The regulatory framework of the Swiss Federal Nuclear Safety Inspectorate (ENSI) is harmonised with the relevant international requirements. ENSI only issues its own guidelines when it is necessary to do so, and it involves all the stakeholders when it drafts them. These principles are stated in a new strategy for the regulatory framework which the ENSI Board has approved.
Anne Eckhardt, Chair of the ENSI Board, explains the background to the strategy for the regulatory framework as follows: “ENSI’s regulatory framework follows clear principles, which we have now set out in a strategy paper. In matters of nuclear safety, Switzerland has a lean regulatory framework which has an international basis and is specifically geared to the objective of protecting people and the environment.” The regulatory framework strategy includes five guiding principles:
- ENSI’s regulatory framework is harmonised with the relevant international requirements and is comprehensive.
- ENSI’s regulatory framework is based on tried-and-tested rules that are already in existence, wherever they are suitable for application within the Inspectorate’s supervisory scope.
- ENSI only issues its own guidelines when it is necessary to do so.
- ENSI’s guidelines are drafted transparently, with the involvement of all stakeholders.
- The level of detail of ENSI’s regulatory framework is geared to the hazard potential and the risk.
The Swiss regulatory framework won recognition during the review by international experts from the International Atomic Energy Agency (IAEA) in connection with the IRRS mission in 2011. “The strategy for the regulatory framework which is now available plays its part in maintaining and continuing to develop the Swiss regulatory framework, in keeping with international standards and requirements,” Anne Eckhardt notes.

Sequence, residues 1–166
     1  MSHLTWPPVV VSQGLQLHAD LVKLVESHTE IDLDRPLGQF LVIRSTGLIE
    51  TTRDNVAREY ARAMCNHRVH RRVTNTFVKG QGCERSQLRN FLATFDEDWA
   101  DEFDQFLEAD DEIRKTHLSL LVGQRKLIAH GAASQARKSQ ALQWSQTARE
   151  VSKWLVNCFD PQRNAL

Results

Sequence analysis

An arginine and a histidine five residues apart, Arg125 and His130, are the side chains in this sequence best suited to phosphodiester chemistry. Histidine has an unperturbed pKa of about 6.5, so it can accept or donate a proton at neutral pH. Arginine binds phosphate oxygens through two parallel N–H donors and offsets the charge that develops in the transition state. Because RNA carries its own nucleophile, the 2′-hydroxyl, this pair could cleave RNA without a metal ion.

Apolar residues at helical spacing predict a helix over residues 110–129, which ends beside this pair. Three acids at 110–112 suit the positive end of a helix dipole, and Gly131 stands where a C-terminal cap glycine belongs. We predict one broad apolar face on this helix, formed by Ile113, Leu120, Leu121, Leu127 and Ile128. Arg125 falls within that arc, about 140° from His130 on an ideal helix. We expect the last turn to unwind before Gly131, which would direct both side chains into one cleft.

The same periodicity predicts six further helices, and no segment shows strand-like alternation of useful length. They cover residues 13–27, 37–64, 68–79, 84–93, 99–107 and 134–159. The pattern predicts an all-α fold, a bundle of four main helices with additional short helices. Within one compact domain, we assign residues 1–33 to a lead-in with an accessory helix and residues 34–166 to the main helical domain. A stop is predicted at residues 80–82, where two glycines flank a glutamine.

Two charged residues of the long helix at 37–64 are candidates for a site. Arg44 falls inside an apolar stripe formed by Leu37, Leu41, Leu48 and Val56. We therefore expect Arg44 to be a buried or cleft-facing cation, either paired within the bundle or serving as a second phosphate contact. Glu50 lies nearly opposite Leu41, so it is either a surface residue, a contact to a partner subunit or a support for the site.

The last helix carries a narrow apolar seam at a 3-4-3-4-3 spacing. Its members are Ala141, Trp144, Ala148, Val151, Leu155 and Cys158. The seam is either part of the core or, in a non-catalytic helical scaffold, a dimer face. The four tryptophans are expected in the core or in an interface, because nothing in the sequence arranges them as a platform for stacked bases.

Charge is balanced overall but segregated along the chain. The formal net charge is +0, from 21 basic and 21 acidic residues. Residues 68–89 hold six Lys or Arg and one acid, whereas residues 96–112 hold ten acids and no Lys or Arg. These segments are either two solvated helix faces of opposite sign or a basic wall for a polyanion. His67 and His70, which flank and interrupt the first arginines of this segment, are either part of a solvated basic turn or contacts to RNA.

International standards are taken into account
The IAEA’s member states have undertaken to be guided by the defined standards, requirements and recommendations on nuclear safety and to create national regulatory frameworks which correspond to them. “In Switzerland, therefore, we also adopt international safety standards and incorporate them into our own regulatory framework,” Anne Eckhardt comments. She adds: “In doing so, we may also go beyond international requirements and take account of circumstances that are specific to this country.”
When drafting and updating its regulatory framework, ENSI takes the IAEA’s recommendations as the basis. ENSI also implements the requirements of the Western European Nuclear Regulators Association (WENRA) in its regulatory framework. “By taking account of relevant international requirements in our own regulatory framework, we are not only making our own contribution to nuclear safety, we are also playing a major part in the harmonisation of requirements worldwide,” ENSI’s Director General Hans Wanner points out.
ENSI’s own guidelines are drafted transparently
If it becomes apparent that ENSI’s own regulations are required for a particular purpose, the Inspectorate draws up suitable guidelines. These are only necessary if they are to be used repeatedly or applied in several nuclear installations. Individual cases do not have to be regulated by guidelines; instead, they can be handled by means of supervisory decisions. During the 2011 IRRS mission, the international experts gave a positive assessment of this transparent process. Guidelines will continue to be drafted transparently in the future. Before they are brought into force, they undergo a public consultation procedure.
“We involve the stakeholders and show how we have dealt with the requests for changes that they have submitted,” Hans Wanner adds. ENSI matches the level of regulation to the hazard potential and the risk. Nuclear power plants are therefore subject to the highest level of regulation. In cases where different regulations are appropriate for different nuclear installations and activities, they are adopted accordingly.